And that room has an occupancy of limit of just two! In order to accommodate my entire family, we’d need to spend over 500,000 Hilton points per night for a total of four rooms — thanks but no thanks.
Now let’s take a look at the Lisbon Marriott.
70,000 points per night gives you a maximum occupancy of three (2 adults and 1 child). When I up my search to 4 people, the results only include the Presidential Suite as a possibility — for €385 Euros and no availability using points. 210,000 Marriott points per night is a bit better than Hilton but still not something on which I’m willing to spend my hotel points. Other hotels are similarly out of range for my points budget.
So now that I’ve ruled out using any of my hotel points, I am turning more and more to vacation rentals like VRBO or Airbnb. Even that ends up being pretty expensive, depending on where we want to stay and how close to the city (I know… I know… #largefamilyproblems). One added bonus of staying in an Airbnb or other vacation rental is having a kitchen to help cut down on food costs.
Many vacation rentals even offer discounts for week-long or longer stays, though I do miss my fifth night free at Hilton / Marriott.
For families slightly smaller than my own, there are a handful of properties in Europe that do allow higher occupancy levels. They won’t help me, but you can snag rooms using points if you’re a family of four. For details, check out our guides to London and Paris hotels that allow for point redemptions for two adults and two children.
If these aren’t viable pathways, another option could be to use fixed-value points to cover the cost of a place to stay. While this won’t necessarily result in maximum value for your points, it can nevertheless be a great way to minimize your out-of-pocket costs.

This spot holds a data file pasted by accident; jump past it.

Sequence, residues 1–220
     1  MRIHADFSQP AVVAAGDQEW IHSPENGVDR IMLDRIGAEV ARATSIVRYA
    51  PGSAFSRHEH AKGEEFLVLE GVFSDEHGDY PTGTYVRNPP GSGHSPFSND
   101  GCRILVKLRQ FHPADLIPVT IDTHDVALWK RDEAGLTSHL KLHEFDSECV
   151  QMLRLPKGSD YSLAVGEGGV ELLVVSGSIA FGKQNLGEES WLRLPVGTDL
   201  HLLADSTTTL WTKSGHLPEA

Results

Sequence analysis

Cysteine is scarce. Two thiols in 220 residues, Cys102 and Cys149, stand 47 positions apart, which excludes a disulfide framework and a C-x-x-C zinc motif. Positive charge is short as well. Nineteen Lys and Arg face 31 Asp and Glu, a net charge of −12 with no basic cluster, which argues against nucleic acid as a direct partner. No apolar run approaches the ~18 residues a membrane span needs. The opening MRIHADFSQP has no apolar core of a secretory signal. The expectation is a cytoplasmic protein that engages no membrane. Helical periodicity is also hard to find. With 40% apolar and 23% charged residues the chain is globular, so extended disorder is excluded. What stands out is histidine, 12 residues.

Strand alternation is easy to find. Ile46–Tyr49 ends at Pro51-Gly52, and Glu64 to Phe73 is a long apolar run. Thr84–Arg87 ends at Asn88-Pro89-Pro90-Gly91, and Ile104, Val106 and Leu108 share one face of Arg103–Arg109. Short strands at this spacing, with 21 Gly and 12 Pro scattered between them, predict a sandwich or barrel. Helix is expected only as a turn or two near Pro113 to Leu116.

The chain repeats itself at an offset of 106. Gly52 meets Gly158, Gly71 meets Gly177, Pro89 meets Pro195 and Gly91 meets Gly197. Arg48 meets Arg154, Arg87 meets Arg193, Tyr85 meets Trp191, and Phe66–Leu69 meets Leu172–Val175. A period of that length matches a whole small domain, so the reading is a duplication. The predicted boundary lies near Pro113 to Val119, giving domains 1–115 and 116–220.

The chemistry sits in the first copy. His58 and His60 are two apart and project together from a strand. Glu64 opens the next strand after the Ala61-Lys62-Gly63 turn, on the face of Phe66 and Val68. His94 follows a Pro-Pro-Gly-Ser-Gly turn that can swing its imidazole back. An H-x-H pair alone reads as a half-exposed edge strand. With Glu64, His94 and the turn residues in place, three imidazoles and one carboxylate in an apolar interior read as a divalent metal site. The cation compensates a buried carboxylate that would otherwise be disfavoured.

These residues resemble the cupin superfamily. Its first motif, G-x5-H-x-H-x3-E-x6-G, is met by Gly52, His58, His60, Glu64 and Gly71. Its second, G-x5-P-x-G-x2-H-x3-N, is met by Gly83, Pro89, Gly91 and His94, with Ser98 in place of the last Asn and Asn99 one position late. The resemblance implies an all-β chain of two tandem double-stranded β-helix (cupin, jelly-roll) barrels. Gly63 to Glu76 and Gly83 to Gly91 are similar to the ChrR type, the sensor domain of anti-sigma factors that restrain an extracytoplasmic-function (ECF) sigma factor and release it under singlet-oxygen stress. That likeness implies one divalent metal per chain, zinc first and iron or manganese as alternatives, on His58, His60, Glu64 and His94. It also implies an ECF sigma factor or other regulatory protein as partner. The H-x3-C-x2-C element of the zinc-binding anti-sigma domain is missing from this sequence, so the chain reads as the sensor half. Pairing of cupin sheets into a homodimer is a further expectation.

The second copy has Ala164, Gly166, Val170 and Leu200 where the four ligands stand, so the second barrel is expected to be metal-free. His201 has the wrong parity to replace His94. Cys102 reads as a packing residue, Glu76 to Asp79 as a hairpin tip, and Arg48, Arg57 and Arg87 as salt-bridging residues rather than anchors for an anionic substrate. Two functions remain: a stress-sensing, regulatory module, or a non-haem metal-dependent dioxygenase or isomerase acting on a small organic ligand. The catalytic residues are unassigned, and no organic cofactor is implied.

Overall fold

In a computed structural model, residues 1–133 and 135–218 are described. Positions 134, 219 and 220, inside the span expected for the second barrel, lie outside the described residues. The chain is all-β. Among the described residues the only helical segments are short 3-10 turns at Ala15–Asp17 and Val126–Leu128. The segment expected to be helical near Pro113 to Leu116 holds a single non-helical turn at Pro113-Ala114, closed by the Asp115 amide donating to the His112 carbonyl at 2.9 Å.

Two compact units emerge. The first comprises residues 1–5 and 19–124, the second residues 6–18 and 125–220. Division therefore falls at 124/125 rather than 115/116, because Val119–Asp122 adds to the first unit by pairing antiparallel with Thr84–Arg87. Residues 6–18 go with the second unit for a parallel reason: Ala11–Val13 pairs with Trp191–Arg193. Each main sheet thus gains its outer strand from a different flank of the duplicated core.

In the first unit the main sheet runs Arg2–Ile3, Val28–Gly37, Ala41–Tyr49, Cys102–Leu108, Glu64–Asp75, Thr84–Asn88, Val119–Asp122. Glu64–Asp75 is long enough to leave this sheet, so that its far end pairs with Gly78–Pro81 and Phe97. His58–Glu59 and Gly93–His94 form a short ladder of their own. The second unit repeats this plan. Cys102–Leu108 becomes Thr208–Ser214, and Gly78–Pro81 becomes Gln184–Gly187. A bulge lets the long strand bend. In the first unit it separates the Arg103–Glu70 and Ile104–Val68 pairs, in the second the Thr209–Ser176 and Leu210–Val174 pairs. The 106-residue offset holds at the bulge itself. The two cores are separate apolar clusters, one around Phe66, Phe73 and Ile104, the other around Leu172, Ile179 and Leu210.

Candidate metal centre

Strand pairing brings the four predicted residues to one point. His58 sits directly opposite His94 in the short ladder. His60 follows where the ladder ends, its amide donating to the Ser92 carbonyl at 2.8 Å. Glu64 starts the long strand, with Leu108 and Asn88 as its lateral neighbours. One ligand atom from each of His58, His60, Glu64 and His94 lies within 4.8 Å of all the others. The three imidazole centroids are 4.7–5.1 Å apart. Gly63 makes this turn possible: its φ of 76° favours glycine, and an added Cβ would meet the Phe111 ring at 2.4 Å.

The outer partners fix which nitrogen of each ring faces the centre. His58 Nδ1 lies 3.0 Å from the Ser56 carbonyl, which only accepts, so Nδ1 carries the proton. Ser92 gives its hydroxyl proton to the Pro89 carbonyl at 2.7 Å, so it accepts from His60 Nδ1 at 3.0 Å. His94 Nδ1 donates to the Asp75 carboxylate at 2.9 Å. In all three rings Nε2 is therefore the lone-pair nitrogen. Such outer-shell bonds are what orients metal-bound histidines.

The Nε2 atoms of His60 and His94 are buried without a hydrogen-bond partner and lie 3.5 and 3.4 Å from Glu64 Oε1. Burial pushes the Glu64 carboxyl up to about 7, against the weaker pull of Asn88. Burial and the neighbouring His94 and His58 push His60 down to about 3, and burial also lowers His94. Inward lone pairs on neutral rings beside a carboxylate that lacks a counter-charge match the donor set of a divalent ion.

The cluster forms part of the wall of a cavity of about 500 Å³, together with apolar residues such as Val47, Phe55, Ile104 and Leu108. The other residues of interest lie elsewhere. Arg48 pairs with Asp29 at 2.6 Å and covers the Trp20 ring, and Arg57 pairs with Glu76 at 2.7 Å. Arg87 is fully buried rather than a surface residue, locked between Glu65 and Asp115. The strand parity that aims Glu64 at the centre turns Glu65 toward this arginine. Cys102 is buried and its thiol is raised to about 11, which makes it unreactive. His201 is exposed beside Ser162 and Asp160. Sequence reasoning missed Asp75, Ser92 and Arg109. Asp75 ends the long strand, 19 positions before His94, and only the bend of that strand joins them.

For example, here’s an available room through the Ultimate Rewards travel portal in London for a five-night stay in July that would accommodate my entire family:
Note that this rate is available to holders of the Chase Sapphire Reserve, as each Ultimate Rewards point is worth 1.5 cents toward travel for these individuals. It’s amazing to think that I’d need to transfer 20,000-25,000 points to World of Hyatt to book just one night in a standard room in London for those same dates.
There are certain places where it’s hard (if not downright impossible) to use your hotel points for a free stay. However, there are still some great options for family travelers, and with Marriott slated to add a new home-sharing brand (Homes & Villas), here’s hoping that these options will continue to expand. It’s a bit of a bummer that my stash of hotel points won’t come in handy this summer. But never fear — that just means they’ll still be there for the next trip!
Ever run into a place where your stash of hotel points hasn’t gotten you where you want to go? Leave it in the comments!
WELCOME OFFER: 60,000 Points
TPG'S BONUS VALUATION*: $1,200
CARD HIGHLIGHTS: 2X points on all travel and dining, points transferrable to over a dozen travel partners
*Bonus value is an estimated value calculated by TPG and not the card issuer. View our latest valuations here.
- Earn 60,000 bonus points after you spend $4,000 on purchases in the first 3 months from account opening. That's $750 toward travel when you redeem through Chase Ultimate Rewards®
- 2X points on travel and dining at restaurants worldwide & 1 point per dollar spent on all other purchases.
- Get 25% more value when you redeem for airfare, hotels, car rentals and cruises through Chase Ultimate Rewards. For example, 60,000 points are worth $750 toward travel
- Get unlimited deliveries with a $0 delivery fee and reduced service fees on orders over $12 for a minimum of one year on qualifying food purchases with DashPass, DoorDash's subscription service. Activate by 12/31/21.
- Earn 5X points on Lyft rides through March 2022. That’s 3X points in addition to the 2X points you already earn on travel.